My campaign: The brothers who played a key part in 1999's 'Surfer'

My campaign: The brothers who played a key part in 1999's 'Surfer'

Hawaiian brothers Brian and Rusty Keaulana took a big risk when they rode the waves in the Guinness 'Surfer' commercial, but the rewards were epic.

Brian: That was one of the best films that we did surfing together. The agency contacted me with the idea. We told the film crew to come during a certain month. With the weather satellites we can see swells coming 10 days in advance. But we also use a lot of ancient knowledge mixed with the technical side.

Our father (Buffalo Keaulana), a surfing pioneer, taught us at a really young age how to read the ocean. We look for currents, colour changes in the water, storms that generate swells, those kind of things. Both my brother and I could swim before we could walk. My father took me surfing when I was three months old.

The biggest character in the Guinness ad was the surf – it was 50 feet high. I saw my life go by. It was one of the biggest waves in the world that I have ever caught and they caught it on camera. The waves can get really, really big – up to 100 feet high – but it’s a rare sight when it gets that big. We usually get 50-foot waves 10 times a year.

Rusty: That was one of the craziest commercials I ever did in my life. It was the biggest tube I ever got, being filmed on a jet boat with a camera. I was just stoked about it. The shots are done with giant cameras and giant waves. We didn’t have GoPros – I was on a 12-foot longboard, pulling a big camera. I was putting my life on the line when I was in the barrel, but then I went over the top and wiped out. I was riding a big board, and it was a big wave. The camera on my board weighed 40 or 50 pounds. The whole weight of the board was right at the front. It was craziness – the worst wipeout I’ve ever had.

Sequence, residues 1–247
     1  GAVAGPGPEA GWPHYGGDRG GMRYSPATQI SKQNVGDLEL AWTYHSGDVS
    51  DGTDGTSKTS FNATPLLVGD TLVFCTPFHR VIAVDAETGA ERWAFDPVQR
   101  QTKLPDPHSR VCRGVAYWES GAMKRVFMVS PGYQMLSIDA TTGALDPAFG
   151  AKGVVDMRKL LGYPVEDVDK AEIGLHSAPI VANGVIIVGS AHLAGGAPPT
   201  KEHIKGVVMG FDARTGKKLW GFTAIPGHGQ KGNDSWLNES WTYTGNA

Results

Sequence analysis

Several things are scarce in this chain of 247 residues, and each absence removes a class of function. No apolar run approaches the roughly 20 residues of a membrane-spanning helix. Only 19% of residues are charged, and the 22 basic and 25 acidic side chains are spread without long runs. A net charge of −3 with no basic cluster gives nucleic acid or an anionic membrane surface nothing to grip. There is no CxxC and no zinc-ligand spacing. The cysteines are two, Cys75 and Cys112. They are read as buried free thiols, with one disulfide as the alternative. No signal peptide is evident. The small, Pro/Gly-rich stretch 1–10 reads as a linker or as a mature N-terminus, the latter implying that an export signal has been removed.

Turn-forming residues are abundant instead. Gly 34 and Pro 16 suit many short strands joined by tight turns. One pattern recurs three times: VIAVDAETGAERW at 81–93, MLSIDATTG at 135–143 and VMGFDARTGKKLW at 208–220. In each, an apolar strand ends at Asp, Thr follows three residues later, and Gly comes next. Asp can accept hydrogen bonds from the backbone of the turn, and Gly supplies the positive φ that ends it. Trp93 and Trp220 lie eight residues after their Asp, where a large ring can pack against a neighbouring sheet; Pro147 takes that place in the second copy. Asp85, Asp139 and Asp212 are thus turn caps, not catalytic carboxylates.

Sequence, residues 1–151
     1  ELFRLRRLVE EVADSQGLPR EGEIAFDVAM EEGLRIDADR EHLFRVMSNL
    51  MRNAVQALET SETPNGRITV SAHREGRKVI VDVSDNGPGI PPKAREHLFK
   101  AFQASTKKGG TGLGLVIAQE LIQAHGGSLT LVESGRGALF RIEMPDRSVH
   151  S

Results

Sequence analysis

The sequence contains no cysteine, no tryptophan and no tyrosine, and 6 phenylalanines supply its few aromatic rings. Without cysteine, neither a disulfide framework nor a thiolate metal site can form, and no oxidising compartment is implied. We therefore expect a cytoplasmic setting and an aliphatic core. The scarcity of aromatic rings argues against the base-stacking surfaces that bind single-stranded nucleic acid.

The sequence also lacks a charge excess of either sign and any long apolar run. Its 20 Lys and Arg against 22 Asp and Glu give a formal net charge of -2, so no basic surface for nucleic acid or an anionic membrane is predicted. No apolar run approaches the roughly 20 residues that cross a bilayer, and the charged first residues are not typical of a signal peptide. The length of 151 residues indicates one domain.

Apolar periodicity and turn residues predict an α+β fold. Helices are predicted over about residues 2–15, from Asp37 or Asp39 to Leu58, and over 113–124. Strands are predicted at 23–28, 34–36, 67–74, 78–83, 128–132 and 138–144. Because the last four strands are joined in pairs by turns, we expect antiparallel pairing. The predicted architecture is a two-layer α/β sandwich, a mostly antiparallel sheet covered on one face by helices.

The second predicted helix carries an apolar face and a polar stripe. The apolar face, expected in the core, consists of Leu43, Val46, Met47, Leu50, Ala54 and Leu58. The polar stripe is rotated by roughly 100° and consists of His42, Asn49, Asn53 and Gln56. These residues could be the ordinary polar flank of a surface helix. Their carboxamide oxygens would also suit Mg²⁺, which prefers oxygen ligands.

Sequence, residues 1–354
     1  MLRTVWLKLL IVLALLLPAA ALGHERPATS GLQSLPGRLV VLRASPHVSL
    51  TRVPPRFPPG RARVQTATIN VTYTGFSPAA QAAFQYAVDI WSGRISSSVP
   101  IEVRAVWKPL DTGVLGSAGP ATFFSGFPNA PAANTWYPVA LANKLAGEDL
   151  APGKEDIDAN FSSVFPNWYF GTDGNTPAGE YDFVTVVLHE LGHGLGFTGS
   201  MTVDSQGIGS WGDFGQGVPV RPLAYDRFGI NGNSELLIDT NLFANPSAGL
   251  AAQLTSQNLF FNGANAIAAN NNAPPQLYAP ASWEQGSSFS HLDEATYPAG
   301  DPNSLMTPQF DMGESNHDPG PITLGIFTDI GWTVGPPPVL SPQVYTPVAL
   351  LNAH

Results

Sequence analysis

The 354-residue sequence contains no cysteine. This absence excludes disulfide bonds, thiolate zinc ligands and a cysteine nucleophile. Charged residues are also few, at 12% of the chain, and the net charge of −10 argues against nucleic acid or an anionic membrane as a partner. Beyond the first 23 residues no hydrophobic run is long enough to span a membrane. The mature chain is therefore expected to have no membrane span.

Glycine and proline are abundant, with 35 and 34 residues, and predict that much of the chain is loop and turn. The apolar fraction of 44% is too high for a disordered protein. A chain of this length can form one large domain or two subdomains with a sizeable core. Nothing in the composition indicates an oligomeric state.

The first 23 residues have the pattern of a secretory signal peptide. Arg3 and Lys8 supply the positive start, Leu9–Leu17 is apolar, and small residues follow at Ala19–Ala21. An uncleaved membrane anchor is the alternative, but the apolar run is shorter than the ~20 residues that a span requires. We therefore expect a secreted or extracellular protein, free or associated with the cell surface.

The biggest character in the Guinness ad was the surf – it was 50 feet high. I saw my life go by

Brian: We have to wait for the right wave – it’s a safety versus risk situation. When we’re out there, we look out for one another. The boards that we use are mostly old style. We need our jet-ski rescue team. We need guys right there who can save you.

Rusty: We had jet skis and a jet boat out there in the big surf. Most of that was our team of cinematographers. We took John [director Jonathan Glazer] and his photographer, who was also from England, out to the giant waves. He was really nervous at first, but we kept it safe for the guys.

Brian: They’re tense seconds of your life on that big wave – you’ve got to be ready. It is like Guinness, there’s a lot of patience involved in surfing – waiting for that right wave. The anticipation for that wave. Waiting, waiting, waiting for that perfect moment. When it comes, it’s indescribable.

I work in the film industry a lot – doing stunts in films and also training people in ocean risk management. To deal with fear, you need to educate yourself – the more knowledge you have, the less fear you have. But when people come to the ocean they assume things. Go to a lifeguard and ask them questions, such as where can I swim? Our cousin (Jason Momoa) is the actor in Aquaman. I got him into the film industry. That’s his favourite beer – he only drinks Guinness. 

Rusty and Brian: Aloha!

Start Your Free 30-Day Free Trial

Get the very latest news and insight from Campaign with unrestricted access to , plus get exclusive discounts to Campaign events.

Become a subscriber


Don’t miss your daily fix of breaking news, latest work, advice and commentary.

register free